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Spain has managed to anticipate the new emerging Chinese tourist trend. According to the ‘Chinese Tourists to Europe Trend Report 2017’ jointly released by the China Tourism Academy (a research branch of the National Tourism Administration) and two leading travel agencies, Huayuan MNB and Ctrip, the number of Chinese tourists in Europe in first quarter increased by 103 percent over last year and is projected to increase by 10 percent to 5.5 million Chinese  during 2017. Barcelona was the most popular urban destinations among Chinese visitors.

Last year, over 100 million Chinese tourists crossed the borders of their country. This seems important but you have to bear in mind that 70 percent of the Chinese stay at home in the mainland to travel while only 7 percent go abroad. This means that there is still a huge potential in outbound Chinese tourism as the average income grows, along the rise of an upper-middle class. Considering why Spain seems appealing to the Chinese, its culture, gastronomy and a good climate are the three main reasons why this nation has become one of the most popular destinations for Chinese tourists.

The Chinese tourist is the biggest spender, especially for luxury brands. About 82 percent of Chinese tourists consider shopping as one of their main activities when they are travelling and they usually buy international luxury brands, because in Spain they are 30 percent cheaper than in China. According to the World Tourism Organization, Chinese visitors spent over 100,000 million dollars outside its borders last year. Cataluna and Madrid are their favorite destinations in Spain and they spent around 2,040 dollars on average per capita.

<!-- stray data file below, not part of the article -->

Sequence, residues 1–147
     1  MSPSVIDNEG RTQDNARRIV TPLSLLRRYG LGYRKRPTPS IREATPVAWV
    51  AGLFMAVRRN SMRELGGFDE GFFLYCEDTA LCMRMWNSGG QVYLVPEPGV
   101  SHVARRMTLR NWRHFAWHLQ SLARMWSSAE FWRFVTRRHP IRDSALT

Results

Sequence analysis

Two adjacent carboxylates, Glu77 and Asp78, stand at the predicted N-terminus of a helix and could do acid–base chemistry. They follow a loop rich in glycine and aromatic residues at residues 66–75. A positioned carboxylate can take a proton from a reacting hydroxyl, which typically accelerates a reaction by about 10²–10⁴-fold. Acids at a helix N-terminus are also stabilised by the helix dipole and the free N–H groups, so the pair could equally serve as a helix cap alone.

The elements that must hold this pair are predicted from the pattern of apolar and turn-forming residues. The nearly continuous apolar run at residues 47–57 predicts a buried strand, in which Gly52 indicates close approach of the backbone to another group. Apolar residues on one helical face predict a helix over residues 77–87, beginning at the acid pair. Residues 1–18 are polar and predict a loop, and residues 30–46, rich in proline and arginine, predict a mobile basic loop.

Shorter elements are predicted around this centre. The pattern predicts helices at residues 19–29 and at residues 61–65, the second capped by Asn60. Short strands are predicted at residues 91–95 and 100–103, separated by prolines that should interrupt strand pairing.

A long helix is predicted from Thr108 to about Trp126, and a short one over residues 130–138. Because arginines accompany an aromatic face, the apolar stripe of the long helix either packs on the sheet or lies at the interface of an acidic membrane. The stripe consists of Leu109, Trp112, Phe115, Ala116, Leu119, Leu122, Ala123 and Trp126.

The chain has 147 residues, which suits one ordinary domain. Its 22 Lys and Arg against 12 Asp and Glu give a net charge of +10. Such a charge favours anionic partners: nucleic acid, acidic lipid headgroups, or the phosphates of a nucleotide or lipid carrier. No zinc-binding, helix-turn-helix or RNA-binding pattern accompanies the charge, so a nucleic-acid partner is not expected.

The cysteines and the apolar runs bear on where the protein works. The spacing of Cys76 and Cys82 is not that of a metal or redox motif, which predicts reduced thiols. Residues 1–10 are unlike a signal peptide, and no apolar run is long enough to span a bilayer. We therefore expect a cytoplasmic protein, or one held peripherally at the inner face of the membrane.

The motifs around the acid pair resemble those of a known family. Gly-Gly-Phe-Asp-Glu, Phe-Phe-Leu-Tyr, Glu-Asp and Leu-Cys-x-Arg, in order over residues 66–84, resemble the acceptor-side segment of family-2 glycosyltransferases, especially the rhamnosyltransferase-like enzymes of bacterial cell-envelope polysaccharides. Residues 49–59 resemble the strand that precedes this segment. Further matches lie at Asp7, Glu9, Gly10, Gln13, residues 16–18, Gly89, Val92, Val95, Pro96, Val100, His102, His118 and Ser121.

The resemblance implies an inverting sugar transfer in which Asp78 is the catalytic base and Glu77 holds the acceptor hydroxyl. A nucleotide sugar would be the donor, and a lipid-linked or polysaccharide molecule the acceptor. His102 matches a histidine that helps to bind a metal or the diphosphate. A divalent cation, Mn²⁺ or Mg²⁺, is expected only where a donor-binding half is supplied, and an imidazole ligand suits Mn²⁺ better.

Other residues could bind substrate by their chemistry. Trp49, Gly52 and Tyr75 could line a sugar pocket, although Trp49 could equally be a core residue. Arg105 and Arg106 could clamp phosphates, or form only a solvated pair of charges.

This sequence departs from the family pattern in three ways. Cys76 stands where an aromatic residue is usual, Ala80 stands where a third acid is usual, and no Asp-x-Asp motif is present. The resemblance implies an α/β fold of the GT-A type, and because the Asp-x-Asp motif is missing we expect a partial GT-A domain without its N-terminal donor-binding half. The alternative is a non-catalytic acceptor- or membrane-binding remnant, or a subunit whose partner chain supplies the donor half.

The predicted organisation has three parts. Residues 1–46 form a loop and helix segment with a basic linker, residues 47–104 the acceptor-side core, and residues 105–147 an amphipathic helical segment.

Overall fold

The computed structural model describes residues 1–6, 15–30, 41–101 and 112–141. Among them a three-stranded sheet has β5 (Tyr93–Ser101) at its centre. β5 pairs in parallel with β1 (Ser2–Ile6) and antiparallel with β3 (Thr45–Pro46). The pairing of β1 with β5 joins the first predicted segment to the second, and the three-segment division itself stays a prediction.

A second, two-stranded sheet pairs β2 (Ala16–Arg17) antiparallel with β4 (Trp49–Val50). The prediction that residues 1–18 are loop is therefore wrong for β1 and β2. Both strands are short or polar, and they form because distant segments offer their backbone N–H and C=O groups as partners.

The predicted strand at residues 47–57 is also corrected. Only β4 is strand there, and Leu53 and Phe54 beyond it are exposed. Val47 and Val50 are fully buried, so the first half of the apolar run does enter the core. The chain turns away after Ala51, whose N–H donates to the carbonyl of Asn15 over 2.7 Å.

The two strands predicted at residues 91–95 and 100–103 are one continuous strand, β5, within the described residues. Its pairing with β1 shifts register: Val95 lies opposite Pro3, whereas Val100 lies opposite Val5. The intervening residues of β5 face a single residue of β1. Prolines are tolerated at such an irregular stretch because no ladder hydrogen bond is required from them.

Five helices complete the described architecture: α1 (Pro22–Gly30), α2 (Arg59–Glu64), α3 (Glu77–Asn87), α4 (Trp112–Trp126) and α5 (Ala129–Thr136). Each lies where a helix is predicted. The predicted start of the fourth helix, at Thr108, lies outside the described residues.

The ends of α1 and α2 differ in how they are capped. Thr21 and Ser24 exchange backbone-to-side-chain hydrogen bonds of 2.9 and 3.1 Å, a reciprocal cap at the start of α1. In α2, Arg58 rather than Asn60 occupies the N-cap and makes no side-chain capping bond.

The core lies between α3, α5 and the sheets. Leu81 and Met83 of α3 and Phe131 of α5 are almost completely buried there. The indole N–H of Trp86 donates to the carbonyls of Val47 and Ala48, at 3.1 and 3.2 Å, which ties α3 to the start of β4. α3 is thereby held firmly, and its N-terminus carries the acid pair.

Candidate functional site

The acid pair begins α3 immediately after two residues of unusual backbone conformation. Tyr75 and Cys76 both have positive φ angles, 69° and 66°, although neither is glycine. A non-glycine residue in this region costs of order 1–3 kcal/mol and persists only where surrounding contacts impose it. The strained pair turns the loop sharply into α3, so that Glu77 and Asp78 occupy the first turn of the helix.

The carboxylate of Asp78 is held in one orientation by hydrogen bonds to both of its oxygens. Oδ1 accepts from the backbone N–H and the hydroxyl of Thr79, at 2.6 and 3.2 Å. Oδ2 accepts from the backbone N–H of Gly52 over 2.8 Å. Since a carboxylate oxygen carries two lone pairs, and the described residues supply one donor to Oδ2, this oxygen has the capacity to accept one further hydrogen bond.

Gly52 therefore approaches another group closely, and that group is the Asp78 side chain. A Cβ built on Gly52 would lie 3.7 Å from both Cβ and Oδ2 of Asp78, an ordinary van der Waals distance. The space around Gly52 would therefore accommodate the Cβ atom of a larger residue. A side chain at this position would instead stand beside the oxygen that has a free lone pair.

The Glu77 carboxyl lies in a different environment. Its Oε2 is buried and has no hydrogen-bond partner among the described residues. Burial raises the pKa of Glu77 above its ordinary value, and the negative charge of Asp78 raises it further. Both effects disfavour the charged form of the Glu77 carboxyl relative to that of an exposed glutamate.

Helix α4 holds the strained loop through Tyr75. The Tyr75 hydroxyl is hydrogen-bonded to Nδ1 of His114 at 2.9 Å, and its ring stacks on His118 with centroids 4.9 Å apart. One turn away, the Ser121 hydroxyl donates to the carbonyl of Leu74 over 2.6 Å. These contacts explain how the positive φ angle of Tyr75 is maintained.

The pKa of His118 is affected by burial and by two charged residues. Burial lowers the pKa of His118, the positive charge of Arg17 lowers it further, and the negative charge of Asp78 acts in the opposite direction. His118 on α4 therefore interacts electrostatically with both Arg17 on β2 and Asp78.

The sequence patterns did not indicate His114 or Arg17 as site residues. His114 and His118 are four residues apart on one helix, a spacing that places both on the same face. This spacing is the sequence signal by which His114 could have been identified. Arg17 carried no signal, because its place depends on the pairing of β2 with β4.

In addition, the food is an important part of Spanish culture, that is the reason why Chinese tourists are very curious about Spanish food. Paella is the most successful dish and also the most representative part of Spanish cuisine. Usually, Chinese tourists love paella because is similar to their eating habits. In addition, they are very interested in Spanish wines, due to their high quality.

Thailand Community-Based Tourism

Meanwhile, Thailand is another story. They are not only familiar with its Buddha relics, beaches and street food, but also an iconic community-based tourism (CBT) in Sam Chuk market and Klong Suan market. CBT is an alternative approach that has gained popularity with the government and private sectors as part of the strategies for conservation of natural resources and development in Thailand.

Local participation in decision-making processes, local ownership, collective responsibility and sharing of resources, are key factors in the success of community-based tourism in Sam Chuk traditional market, while sharing of resources is the key factor in successful community-based tourism at Sam Chuk market, which is followed by collective responsibility, participation in decision-making processes and local ownership.

Last year, according to STR Global data Thailand welcomed nearly 30 million visitors, an increase of over 20 per cent over previous year, fuelled by China and Korea, where the bulk of the business is low-yield tour series compared with higher spending and longer-staying markets such as the UK. Large congresses, too, have not returned to Thailand’s shores since the coup in 2015. With the next few months looking tough due to factors such as slower economic growth in Asia and China, and weaker corporate demand, tourism players are anxious there will be no bad news such as the Owens incident to derail the 30-million-visitor number.

Indonesia is currently steeping to double its foreign tourism arrivals from a current 10 million to 20 million over the next eight years, as well as doubling the tourism contribution to GDP, from around 4 percent to 8 percent in the same period. Will Indonesia learn the important lessons from other countries’ successes?

Writing by Yosi Winosa, Email: